Open Call for Artists! Sheffield-inspired Monoprint Exhibition, Vertiline In Love

What: SHADOWLANDS – An exhibition of Sheffield-themed black & white monoprints.

When: 2nd February – 18th February 2013

Where: Bird’s Yard, Chapel Walk, Sheffield

OPEN CALL FOR ARTISTS!

Get involved in an exhibition of Sheffield-themed black & white monoprints brought to you by Vertiline In Love, a micro-boutique in the new Sheffield arts & craft emporium, Bird’s Yard.

Maybe you have a favourite place in Sheffield? A special memory? An interesting experience? If you don’t live here, how do you view it from afar? What does history have to tell us of this place? What do you wish for its future? It’s up to you, but we’d like to see a wide range of work that’s clearly inspired by the city of Sheffield.

This is something of a pop-up exhibition, so please get in touch super fast so we can include your work! Please contact Claira (email below) for a full brief & further details of where to send your pieces.

Exhibitors need not be from Sheffield. Work will be for sale, 70% of the sale price goes to the artist.

Details:

  • Artwork must be no larger than A3 and be on paper
  • Black & white (or grey) prints only
  • Work must be recieved by 31st January 2013
  • Multiple submissions welcome

 

Contact: Claira Turvey vertilineinlove@gmail.com for full brief & further info.

http://www.vertilineinlove.com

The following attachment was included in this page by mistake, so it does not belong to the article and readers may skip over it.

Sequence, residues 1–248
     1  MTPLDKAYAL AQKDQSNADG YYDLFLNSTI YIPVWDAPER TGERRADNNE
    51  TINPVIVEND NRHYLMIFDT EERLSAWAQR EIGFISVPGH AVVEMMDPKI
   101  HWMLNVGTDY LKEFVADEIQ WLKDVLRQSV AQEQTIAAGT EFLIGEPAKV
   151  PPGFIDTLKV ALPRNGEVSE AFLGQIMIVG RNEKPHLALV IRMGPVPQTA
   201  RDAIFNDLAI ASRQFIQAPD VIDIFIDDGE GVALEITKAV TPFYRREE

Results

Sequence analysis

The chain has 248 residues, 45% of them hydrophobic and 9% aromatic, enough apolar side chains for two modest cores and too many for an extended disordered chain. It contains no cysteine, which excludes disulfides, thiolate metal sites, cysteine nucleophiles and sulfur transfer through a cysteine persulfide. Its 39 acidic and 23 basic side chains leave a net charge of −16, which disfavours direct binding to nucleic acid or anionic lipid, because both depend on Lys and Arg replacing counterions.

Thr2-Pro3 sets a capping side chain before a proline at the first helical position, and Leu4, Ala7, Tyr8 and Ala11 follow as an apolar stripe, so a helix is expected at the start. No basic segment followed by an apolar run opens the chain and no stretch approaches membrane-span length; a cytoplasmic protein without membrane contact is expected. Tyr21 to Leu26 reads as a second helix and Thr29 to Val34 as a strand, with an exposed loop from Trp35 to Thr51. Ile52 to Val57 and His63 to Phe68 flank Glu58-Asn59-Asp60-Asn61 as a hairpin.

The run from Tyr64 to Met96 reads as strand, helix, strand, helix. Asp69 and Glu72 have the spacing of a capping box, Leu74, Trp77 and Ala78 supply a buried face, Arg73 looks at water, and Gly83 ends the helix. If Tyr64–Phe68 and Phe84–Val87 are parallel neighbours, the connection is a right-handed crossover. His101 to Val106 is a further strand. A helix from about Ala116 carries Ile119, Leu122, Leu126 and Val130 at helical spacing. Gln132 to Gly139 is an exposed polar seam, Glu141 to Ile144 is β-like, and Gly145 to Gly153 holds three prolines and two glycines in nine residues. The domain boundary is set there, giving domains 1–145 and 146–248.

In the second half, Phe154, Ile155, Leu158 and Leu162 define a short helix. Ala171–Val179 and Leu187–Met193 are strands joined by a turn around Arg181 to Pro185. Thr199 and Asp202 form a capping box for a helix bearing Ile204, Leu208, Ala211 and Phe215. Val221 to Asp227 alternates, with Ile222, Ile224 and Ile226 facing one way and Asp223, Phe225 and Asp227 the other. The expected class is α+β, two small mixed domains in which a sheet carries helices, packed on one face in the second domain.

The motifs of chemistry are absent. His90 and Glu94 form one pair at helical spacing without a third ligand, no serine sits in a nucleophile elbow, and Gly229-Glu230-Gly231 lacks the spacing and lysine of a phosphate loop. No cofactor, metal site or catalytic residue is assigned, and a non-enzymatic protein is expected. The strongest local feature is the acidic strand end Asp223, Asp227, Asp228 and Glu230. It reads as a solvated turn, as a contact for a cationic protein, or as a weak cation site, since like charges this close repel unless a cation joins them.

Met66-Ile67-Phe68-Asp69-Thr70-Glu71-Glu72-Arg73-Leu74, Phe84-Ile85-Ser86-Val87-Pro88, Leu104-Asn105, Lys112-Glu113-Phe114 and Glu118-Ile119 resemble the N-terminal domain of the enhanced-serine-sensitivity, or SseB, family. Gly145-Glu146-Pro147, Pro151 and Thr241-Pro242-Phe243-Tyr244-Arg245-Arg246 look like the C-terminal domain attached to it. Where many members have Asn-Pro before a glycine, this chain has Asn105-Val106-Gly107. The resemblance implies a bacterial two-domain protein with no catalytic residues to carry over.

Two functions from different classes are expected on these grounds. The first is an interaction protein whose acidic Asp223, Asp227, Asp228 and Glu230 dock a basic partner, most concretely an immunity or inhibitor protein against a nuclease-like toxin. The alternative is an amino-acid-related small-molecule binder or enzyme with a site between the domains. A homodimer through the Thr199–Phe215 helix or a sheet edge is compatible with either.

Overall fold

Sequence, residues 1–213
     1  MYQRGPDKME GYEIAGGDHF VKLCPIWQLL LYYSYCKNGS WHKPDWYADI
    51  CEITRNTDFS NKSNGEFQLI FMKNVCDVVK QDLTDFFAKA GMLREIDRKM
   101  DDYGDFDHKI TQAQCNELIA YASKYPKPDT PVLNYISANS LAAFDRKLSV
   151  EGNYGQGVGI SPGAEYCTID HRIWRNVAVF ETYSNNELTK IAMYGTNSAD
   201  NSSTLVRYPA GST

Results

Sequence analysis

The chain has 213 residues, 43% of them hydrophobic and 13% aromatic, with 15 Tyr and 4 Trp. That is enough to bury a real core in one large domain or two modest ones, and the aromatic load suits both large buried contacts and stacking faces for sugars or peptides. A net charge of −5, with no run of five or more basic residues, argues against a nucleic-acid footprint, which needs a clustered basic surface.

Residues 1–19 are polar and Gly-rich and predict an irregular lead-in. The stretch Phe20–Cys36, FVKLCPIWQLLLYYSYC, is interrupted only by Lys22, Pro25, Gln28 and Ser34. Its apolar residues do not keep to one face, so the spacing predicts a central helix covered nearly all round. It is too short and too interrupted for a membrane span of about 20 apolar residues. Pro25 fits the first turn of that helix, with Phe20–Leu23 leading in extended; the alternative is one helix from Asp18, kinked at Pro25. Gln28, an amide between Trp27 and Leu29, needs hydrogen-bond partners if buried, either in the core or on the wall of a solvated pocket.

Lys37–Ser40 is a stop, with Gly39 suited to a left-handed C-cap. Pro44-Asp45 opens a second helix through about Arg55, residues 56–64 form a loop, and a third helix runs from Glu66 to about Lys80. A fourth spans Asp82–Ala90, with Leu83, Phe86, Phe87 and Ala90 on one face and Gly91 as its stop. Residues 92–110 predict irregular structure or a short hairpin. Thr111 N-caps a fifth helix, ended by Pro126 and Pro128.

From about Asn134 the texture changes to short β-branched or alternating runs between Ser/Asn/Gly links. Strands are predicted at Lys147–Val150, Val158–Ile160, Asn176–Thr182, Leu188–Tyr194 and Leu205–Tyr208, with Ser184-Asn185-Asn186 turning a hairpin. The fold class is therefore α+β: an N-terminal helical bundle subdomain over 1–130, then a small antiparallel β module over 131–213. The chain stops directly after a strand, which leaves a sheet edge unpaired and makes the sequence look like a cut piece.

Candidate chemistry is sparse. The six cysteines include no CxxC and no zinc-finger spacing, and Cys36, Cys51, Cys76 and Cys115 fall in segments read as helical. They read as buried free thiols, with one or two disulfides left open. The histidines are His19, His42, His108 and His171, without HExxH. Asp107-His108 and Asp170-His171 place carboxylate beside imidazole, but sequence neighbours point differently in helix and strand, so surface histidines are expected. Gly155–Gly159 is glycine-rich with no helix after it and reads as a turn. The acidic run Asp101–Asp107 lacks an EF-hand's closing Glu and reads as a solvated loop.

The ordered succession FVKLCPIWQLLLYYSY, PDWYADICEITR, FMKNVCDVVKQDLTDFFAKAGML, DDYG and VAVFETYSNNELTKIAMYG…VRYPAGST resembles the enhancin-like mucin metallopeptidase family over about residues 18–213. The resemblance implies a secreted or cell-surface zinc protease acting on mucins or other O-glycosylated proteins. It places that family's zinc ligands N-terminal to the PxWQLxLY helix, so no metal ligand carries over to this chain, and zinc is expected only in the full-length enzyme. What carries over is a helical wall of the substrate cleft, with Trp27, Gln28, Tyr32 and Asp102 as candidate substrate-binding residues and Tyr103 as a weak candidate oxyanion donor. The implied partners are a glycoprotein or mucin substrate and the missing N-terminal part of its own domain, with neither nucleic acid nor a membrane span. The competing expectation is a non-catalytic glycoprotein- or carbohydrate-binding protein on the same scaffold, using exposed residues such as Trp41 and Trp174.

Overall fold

Caxton and the Printing Press- In Our Time, BBC radio 4 show

First broadcast: Thursday 18 October 2012
Melvyn Bragg and his guests discuss the life and influence of William Caxton, the merchant who brought the printing press to the British Isles. After spending several years working as a printer in Bruges, Caxton returned to London and in 1476 set up his first printing press in Westminster, and also imported and sold other printed books. Caxton concentrated on producing popular books that he knew would sell, such as Chaucer’s ‘Canterbury Tales’ and small liturgical ‘books of hours’. The standard of Caxton’s printing may have lagged behind that on the continent, but he was a skilful businessman and unusually for printers at the time, he managed not to go bankrupt. The advent of print is now seen as one of the great revolutions in intellectual history – although many scholars believe it was a revolution that took many generations to have an effect.